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Form Follows Function?

Louis Sullivan is credited with coming up with the phrase “form follows function.” It is useful to know that someone in the recent past invented this notion in order to raise the possibility of uninventing it.

Some quote “form follows function” as though it were an axiom of geometry that all remotely mature thinkers acknowledge as a foundational truth; even as a God-given dictum.

The phrase could even be rendered innocuous if “function” were suitably defined. What, for instance, is the function of houses and work places? They are there to serve human beings with all their intricacies. They are not there to shelter robots and automatons.

What do people want from houses? They want a house to be a home. They want it to be structurally sound, reasonably affordable, easy to maintain and they want it to be beautiful. Human beings feel at home with beauty. They are instinctively drawn to beautiful things and feel alienated by the ugly. This is why we carefully choose furniture, paintings, decorations, paint colors for walls, curtains and carpets. We attempt, with various levels of success, bearing in mind limitations of budget, to turn the house into a home. Many of us like to include house plants and pets as other living things to share our homes with.

However, “form follows function” is instead interpreted, as was intended, to mean that any decoration, any element of a thing that is not strictly necessary for utilitarian purposes should be stripped away. The implication is that the decorative and the beautiful are not and should not be considered at all. Form follows function is thus an interpretation of the human being as an emotionless zombie and mechanism.

Toilets are for the evacuation of waste. Houses are to provide shelter from the elements. Thus, if Sullivan is to be believed, human beings should be housed in windowless concrete bunkers with holes in the ground as toilets. If the need for beauty is to be ignored, why not the desire for comfort?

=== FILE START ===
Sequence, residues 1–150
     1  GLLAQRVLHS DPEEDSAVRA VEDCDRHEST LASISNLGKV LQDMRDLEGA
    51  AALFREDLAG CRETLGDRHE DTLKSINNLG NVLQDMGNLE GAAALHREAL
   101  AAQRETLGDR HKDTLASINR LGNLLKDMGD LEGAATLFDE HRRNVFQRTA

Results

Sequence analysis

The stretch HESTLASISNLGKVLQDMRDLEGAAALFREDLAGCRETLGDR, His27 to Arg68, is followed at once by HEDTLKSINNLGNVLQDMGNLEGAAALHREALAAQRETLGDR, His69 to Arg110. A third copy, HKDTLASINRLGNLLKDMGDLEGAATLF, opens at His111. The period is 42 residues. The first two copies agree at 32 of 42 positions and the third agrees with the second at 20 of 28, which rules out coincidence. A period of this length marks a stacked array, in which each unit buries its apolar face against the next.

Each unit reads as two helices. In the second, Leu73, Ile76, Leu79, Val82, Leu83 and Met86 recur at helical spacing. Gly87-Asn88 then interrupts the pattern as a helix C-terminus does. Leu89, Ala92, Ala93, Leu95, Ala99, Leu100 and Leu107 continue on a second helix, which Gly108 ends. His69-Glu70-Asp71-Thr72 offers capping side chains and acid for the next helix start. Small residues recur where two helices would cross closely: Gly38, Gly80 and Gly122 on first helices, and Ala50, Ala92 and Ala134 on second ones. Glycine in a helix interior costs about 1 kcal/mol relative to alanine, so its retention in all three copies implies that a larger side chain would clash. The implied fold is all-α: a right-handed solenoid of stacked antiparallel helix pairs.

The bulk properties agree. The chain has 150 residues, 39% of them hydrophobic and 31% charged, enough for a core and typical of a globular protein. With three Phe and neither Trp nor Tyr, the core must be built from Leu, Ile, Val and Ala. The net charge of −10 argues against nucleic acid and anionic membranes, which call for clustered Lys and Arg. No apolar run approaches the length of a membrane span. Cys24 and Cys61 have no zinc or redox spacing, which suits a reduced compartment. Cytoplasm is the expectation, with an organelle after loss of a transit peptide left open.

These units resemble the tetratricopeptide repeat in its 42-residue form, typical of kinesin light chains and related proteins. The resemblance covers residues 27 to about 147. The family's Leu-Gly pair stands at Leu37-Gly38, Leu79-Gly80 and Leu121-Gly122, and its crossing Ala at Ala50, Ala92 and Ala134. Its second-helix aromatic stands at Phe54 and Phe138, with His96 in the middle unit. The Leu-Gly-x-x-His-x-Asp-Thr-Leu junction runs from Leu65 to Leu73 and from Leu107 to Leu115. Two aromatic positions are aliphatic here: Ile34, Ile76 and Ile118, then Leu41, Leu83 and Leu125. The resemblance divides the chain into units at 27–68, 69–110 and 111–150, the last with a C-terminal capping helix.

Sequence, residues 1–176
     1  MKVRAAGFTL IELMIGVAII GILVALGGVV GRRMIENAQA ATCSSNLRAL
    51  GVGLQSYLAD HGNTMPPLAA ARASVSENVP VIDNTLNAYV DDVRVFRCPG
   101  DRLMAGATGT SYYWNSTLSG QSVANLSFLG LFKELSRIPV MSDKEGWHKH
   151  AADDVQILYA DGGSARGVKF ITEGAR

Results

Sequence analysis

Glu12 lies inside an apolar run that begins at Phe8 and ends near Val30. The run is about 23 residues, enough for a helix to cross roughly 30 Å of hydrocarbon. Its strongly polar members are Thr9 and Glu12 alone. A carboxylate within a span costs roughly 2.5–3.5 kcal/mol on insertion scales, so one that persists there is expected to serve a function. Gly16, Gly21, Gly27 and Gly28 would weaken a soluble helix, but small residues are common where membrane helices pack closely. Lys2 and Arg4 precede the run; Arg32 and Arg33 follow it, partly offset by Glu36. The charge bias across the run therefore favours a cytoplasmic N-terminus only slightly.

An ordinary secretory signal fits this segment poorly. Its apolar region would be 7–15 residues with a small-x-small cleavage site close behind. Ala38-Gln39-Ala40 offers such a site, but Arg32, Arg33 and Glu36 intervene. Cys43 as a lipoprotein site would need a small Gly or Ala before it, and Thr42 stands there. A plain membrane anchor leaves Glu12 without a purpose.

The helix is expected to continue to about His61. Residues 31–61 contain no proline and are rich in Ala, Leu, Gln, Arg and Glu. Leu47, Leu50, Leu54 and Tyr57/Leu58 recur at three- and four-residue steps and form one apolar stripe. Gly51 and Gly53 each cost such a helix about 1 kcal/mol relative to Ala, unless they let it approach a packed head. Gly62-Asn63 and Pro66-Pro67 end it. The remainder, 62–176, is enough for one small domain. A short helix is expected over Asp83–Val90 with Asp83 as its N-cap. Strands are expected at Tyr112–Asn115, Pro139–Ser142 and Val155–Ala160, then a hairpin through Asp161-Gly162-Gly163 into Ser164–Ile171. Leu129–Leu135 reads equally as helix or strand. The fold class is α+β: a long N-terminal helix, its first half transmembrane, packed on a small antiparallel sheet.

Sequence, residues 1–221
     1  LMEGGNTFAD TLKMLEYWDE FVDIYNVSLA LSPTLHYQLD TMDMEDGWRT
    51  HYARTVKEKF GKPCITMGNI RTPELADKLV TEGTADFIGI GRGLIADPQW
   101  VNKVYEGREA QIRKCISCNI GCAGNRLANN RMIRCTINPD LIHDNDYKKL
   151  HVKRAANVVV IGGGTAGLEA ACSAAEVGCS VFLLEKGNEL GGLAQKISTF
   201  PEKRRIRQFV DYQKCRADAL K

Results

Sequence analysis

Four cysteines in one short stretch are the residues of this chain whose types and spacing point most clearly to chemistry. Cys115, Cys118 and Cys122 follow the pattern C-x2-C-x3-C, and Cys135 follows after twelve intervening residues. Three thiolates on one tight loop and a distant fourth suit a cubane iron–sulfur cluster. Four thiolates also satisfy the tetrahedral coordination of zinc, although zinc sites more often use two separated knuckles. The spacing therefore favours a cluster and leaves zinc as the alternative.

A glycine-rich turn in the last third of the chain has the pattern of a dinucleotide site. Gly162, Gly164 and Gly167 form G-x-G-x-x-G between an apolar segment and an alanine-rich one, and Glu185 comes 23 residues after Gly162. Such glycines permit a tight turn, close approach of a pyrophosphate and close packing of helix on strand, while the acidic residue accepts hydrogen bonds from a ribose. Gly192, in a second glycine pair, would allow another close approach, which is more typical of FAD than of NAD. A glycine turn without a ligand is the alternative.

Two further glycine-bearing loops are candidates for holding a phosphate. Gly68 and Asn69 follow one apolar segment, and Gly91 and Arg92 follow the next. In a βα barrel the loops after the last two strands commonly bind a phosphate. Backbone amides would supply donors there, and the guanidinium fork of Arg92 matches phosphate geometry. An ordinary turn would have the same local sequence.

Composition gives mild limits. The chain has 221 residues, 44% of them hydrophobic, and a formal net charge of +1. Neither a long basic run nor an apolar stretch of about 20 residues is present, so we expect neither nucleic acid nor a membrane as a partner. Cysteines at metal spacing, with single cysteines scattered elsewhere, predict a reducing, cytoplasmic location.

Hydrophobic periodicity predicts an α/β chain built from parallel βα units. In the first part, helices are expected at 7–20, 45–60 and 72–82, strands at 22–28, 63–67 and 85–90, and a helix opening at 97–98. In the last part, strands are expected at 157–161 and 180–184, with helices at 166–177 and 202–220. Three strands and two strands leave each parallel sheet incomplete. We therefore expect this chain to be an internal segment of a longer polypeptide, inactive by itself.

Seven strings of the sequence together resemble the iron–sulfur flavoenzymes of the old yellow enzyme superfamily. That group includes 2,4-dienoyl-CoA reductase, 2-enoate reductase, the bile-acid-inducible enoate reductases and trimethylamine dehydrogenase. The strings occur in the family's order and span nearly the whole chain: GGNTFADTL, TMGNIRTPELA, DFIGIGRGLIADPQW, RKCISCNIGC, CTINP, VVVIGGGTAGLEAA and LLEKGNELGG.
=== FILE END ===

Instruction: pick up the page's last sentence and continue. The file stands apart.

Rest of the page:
Windows are surely inefficient. We like them mostly because we enjoy looking at the outdoors; the sky, natural light, trees, flowers and birds. A solitary naked light bulb suspended from a wire would probably be more energy efficient because windows tend to contribute to heat loss in winter and contribute to overheating in summer.

If “form follows function” is to be treated as a commandment, why hang paintings or paint walls? A concrete bunker need not be painted in the way in which wood might benefit. A stinking hole in the ground does not need to be cleaned and the smell is neither here nor there. There is no utility in preventing smells – to worry about such things is to give into the vagaries of human preferences and those are to be forgotten in the notion of “function.” If comfort and smells are in fact to be considered, why not decoration and beauty?

Something similar happened in the history of philosophy with the advent of empiricism. This claimed that knowledge came exclusively from experience. This idea would be a simple and innocuous truism if “experience” were correctly defined. Among human experiences are simple lived experience, involving interacting with other people, aesthetic experiences of music, artworks, novels, plays and poetry. There are religious experiences, emotionally inflected experiences of sadness, joy and contemplation and so on. However, “experience” was intended to mean experience of something called “sense data” only, inflicted on a tabula rasa mind.

Empiricism was a stillborn philosophy with nothing to offer in regards to understanding the human condition because its conception of human beings and their experiences was inept and inadequate. For the same reason, when someone like the rationalist Sam Harris talks about “human well-being” it is to be anticipated that his conception of human well-being and a normal thinking and feeling person’s will be miles apart.

“Form follows function” has the same autistic nihilism as empiricism and Harris, and embodies a horrible and even tragic misunderstanding of what the function of things should be with regard to human beings.

Richard Cocks

Richard Cocks is an Associate Editor of VoegelinView and has been a faculty member of the Philosophy Department at SUNY Oswego since 2001. Dr. Cocks is an editor and regular contributor at the Orthosphere and has been published at The Brussels Journal, The Sydney Traditionalist Forum, People of Shambhala, The James G. Martin Center for Academic Renewal and the University Bookman.

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